As discussed in the previous article, published on April 21, the possibility of performing remote working has assumed an important place in the choices of workers.
In this context, many employees have chosen to carry out their work from abroad, in remote mode, moving from Italy to another country, in most cases belonging to the European Union.
In the case of permanent transfer of the employee abroad, while maintaining an employment relationship with the Italian employer, the obligations and fulfillments need to be verified, mainly for the Italian employer.
The previous article analyzed art. 11, paragraph 3, letter a) of EC Regulation 883/1994, which establishes the principle of territoriality and according to which a worker is subject to the social security legislation of the country in which the work is carried out.
The provisions of the Regulation that – in the case of secondment or relocation – derogate from the general principle set out above do not apply in the case of voluntary transfers, which are not dictated by company requirements.
In the case being analyzed, the principle of territoriality is fully applied and the employer, as well as the employee, must pay social security and pension contributions in the place or country where the work is carried out.
Art. 21 of EC Regulation no. 987/2009 provides for the obligation of the (foreign) employer to comply with the obligations laid down by the legislation applicable to its employee, as if its registered office or place of business were located in the competent Member State identified on the basis of art. 11 above. In order to comply with these obligations, most EU countries provide for the appointment of an on-site social security representative, who takes on the obligation to calculate and pay the social security and pension contributions due; in some cases, in addition to the contributions, the payment of income tax will also be required, through the calculation and payment of withholding taxes.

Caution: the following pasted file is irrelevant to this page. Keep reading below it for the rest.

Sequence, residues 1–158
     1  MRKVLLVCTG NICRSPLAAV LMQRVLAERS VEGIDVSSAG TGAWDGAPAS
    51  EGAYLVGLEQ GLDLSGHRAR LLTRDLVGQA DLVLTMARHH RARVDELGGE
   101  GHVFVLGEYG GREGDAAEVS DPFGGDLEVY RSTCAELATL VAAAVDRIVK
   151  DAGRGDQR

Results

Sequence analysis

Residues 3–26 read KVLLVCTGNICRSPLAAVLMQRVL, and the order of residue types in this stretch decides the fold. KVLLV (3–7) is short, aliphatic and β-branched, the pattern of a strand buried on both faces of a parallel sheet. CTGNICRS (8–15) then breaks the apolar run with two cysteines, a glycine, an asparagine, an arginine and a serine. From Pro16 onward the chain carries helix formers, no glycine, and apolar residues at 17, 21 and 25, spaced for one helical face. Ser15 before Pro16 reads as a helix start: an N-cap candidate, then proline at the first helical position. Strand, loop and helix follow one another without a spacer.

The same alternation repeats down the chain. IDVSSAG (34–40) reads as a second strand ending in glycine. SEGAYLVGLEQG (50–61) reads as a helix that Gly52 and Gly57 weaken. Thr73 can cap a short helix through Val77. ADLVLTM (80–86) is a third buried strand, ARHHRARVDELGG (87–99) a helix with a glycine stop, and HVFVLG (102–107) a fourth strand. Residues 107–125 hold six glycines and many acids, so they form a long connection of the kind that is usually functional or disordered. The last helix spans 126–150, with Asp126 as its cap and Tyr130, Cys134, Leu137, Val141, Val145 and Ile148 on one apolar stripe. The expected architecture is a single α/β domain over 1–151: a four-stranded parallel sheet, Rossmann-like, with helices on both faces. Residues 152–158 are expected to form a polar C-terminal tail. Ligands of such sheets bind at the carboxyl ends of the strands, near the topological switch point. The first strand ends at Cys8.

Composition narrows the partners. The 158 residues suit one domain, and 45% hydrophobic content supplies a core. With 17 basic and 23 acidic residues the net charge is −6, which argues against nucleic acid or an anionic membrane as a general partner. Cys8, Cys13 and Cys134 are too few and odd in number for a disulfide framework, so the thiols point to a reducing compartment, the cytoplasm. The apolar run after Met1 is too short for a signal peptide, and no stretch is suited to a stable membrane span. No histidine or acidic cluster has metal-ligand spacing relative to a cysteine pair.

In light of the above, it will be always necessary to carry out a detailed analysis of the legislation of the country to which the worker decides to move, in order to verify the required obligations and the ways in which it will be possible to fulfill them.
Below, we will analyze the cases of two European countries – Germany and Spain – and, in general, the obligations to be fulfilled for contribution purposes in those countries, in the event that – due to the type of activity carried out – the establishment of a local branch is not necessary.
The indications given below are based on the legislation currently in force in the countries concerned and must not be considered exhaustive.
Remote working in Germany
The German legislation in terms of social security obligations provides that the foreign (Italian) employer must fulfil its contribution obligations as if it was domiciled in Germany. The Italian employer will therefore be obliged to register with the competent authorities, providing the employee’s details, and it will be obliged to carry out payroll operations – on a monthly basis – for the payment of the amounts due (i.e. health insurance, long-term care insurance, pension contributions and unemployment insurance).
According to German law, the payment of income tax will be made on a self-assessment basis by the employee, who must then prepare his own tax return. In other words, the social security representative does not assume the typical obligations of a withholding agent.
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Remote working in Spain
Also in Spain, the employer must fulfil the social security obligations and it will be required to register (and register its employee) with the competent Spanish authorities and appoint a social security representative for non-resident companies.
In contrast to the German (and Italian) system, the social security representative office will also have to pay withholding tax on income paid to the employee, who works in Spain, if the circumstances so require.
In the cases analysed, should the worker return to Italy to carry out his/her work activity within the Italian terrirtory, in order to “derogate” from the principle of territoriality and avoid payment of contributions in Italy, he/she must request an A1 certificate to the foreign social security authority.